Wayne State, Children's Hospital Boost Training With New Simulations
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A Wayne State university nursing professor has received nearly $300,000 from the federal stimulus to bring new nursing training simulation to the WSU College of Nursing.
Life-size neonatal and pediatric mannequins will be used that can be programmed to exhibit a wide array of biological responses, as well as respond directly to interventions provided by the nurse or student.
On Sept. 17, U.S. Department of Health and Human Services Secretary Kathleen Sebelius announced $130.8 million in grants funded by HHS’s Health Resources and Services Administration that will strengthen and expand the health professions work force.
The funding is part of the federal government’s American Recovery and Reinvestment Act, the national economic stimulus package signed into law by President Barack Obama.
These grants are targeted to primary care work force training, oral health work force training, equipment to enhance training across the health professions, loan repayments for health professionals, health careers opportunities for disadvantaged students, and outreach and chronic disease prevention in health disparity populations.
Linda Lewandowski, Ph.D., R.N., Elizabeth Schotanus associate professor of Pediatric Nursing at Wayne State Univeristy and Children’s Hospital of Michigan, and assistant dean of Family, Community and Mental Health in WSU’s College of Nursing, received $281,633 from this program to incorporate new high fidelity clinical simulation equipment aimed at specialty education in pediatric and neonatal areas.
Through a partnership, this technology will be used in the nurse residency program at CHM and in WSU’s undergraduate and graduate nursing distance learning and online courses.
With the incorporation of this technology, many students and CHM nurses will receive specialty training in WSU’s College of Nursing simulation lab and onsite at CHM. WSU’s is the only graduate program to prepare nurses as neonatal nurse practitioners or acute care pediatric nurse practitioners in the state of Michigan. This equipment will significantly enhance these programs. The training will focus on topics such as head-to-toe pediatric assessment, blood administration (including simulation of a negative reaction) and managing a pediatric code blue. In addition, the technology also will help educate WSU nursing students in neonatal, maternity and midwifery programs, providing simulated newborn care scenarios and emergency situations.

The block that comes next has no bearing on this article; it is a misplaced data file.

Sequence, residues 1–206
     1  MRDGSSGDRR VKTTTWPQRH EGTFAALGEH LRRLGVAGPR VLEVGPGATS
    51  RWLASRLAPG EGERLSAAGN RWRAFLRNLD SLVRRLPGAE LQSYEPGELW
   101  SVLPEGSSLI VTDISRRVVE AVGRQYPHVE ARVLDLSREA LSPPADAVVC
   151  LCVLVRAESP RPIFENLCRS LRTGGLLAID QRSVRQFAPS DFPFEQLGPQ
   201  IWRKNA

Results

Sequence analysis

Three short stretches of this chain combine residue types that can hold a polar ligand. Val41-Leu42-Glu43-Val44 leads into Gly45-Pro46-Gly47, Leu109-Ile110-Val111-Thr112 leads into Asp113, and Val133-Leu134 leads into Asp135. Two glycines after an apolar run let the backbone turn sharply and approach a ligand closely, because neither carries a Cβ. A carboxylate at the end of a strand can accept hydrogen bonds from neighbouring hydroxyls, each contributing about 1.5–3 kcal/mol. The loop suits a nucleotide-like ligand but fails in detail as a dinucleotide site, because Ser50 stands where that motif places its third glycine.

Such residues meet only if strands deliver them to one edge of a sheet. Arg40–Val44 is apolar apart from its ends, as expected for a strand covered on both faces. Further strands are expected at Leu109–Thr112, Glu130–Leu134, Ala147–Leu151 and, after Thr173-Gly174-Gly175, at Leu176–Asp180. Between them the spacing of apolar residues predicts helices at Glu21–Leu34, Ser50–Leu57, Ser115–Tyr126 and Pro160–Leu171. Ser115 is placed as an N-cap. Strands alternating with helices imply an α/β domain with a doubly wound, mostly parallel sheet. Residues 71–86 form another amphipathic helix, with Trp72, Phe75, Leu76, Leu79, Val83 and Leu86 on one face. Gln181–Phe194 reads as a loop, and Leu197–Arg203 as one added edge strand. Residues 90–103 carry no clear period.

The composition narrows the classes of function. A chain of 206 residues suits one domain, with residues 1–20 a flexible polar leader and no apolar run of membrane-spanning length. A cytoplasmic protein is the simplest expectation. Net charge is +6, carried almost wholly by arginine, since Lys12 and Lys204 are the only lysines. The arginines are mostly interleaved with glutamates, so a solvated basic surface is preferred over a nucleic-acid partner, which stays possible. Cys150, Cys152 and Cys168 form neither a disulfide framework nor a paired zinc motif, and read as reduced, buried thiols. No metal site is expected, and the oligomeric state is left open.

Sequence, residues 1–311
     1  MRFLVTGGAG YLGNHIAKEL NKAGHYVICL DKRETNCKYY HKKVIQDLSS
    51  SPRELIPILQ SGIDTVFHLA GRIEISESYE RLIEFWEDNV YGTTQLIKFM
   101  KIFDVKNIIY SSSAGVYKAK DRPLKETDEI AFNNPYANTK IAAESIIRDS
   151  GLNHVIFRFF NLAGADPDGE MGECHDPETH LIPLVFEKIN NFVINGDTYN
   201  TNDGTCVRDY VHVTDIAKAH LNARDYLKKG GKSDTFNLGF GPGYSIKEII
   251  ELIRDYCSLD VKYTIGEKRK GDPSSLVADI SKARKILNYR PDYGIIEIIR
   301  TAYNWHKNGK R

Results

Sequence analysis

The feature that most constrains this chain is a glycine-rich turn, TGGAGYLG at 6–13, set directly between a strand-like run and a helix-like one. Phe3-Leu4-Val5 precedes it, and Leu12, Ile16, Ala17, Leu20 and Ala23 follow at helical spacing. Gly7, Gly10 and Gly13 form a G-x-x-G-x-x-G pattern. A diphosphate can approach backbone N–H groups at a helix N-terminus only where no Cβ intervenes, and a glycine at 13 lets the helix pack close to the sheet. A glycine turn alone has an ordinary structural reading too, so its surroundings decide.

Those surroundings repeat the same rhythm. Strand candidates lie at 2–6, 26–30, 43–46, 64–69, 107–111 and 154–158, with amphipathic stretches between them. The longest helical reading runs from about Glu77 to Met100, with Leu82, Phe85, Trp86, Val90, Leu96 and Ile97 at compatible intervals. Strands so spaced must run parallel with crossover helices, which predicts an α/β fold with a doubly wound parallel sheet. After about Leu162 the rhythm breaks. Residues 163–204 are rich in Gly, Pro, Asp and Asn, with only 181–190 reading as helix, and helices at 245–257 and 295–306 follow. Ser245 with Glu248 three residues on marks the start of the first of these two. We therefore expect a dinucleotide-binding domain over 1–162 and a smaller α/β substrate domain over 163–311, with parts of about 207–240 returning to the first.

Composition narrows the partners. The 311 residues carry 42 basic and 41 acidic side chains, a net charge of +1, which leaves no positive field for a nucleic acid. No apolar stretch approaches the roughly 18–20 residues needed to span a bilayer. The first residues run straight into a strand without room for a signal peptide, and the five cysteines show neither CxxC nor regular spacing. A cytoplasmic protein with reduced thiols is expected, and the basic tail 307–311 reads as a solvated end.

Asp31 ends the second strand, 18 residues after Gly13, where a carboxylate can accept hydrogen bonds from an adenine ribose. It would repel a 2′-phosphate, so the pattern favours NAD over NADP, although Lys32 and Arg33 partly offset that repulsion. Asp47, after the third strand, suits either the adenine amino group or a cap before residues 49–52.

“This state-of-the-art technology will provide safe ‘real-world’ learning experiences for nursing students and nurses under conditions that are very similar to real clinical settings,” said Lewandowski. “The life-size mannequins will be programmed to exhibit a wide array of biological responses, as well as respond directly to interventions provided by the nurse or student. The simulation scenarios allow us to give students’ and nurses’ experiences that will increase safety and quality of care in increasingly complex health care environments.”
CHM began a new nurse residency program five years ago that has evolved into the CHM RN Transitions program. This 16-week enhanced orientation program for new nurse graduates as well as nurses new to the specialty of pediatric nursing will now benefit from enhanced training, allowing participants to practice in a simulated environment, ultimately raising their confidence and comfort level in their jobs.
“Advances in technology are creating new and exciting methods for teaching and learning in academic and health care settings,” said Hilary Ratner, vice president for research at Wayne State University. “This grant from HHS will prepare our nursing students and Children’s Hospital of Michigan nurses to give the best quality nursing care to this vulnerable population of patients.”
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